Comparative studies that have examined the number of ministers allocated to each coalition partner have pointed to a principle of proportionality, according to which ministries are distributed in a manner that reflects the relative weight of each partner in the coalition. A partner with a large number of legislative seats receives a larger number of cabinet positions than a partner with a small number of legislative seats. The principle of proportionality is known in Israeli political jargon as the "coalition formula," according to which one ministry is allocated to a coalition partner for every X members of Knesset that it has. In the current situation, for example, if the coalition negotiations result in a coalition formula with a ratio of 1:4, we can expect that Yesh Atid will receive between four and five ministries, that Habayit Hayehudi will receive three ministries, etc. Naturally, this is not an exact science and there may be some divergence from this formula. For example, a party may waive one of its cabinet positions in return for receiving one of the three senior portfolios (finance, defense, or foreign affairs). Alternatively, it is possible for a party to receive fewer cabinet positions but to be compensated by receiving extra positions of deputy minister or chairmanship of Knesset committees. The ultra-Orthodox party United Torah Judaism, for example, does not accept ministerial appointments as a matter of principle, and is compensated by receiving the chairmanship of the Knesset Finance Committee or appointments as deputy minister.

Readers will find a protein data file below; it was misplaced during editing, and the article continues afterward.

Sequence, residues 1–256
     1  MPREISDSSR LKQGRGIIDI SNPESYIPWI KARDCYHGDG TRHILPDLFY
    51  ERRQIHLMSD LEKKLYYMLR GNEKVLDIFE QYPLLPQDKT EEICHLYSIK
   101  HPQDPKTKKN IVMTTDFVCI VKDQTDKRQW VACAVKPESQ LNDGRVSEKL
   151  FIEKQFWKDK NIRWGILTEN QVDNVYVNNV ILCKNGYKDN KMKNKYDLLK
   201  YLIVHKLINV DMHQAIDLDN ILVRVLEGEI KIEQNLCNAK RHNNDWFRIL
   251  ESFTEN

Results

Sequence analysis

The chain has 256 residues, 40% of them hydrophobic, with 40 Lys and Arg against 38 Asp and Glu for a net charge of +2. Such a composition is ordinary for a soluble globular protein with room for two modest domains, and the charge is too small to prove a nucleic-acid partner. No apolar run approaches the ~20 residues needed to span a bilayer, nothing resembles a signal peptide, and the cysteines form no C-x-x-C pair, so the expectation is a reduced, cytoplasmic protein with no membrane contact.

When coalitions are formed, often the principle of proportionality is maintained with regard to the coalition partners, but the ruling party receives a number of portfolios that is higher than the party's relative weight in the coalition. This can be seen, for example, from the allocation of portfolios after the elections of 2009. At that time, the four coalition partners were allocated ministries based on the formula of one minister per every three members of Knesset: Israel Beiteinu received five portfolios, the Labor Party received five portfolios (slightly above the number mandated by the formula), and Shas and Habayit Hayehudi received four portfolios each (United Torah Judaism chose not to have a minister, as mentioned above). Prime Minister Netanyahu's Likud party, however, allocated 15 ministries to itself—a number that is far higher than its relative weight in the coalition and far above the formula for allocating ministerial posts (see Figure 3).
Figure 3: The Distribution of Ministerial Portfolios Following the 2009 Elections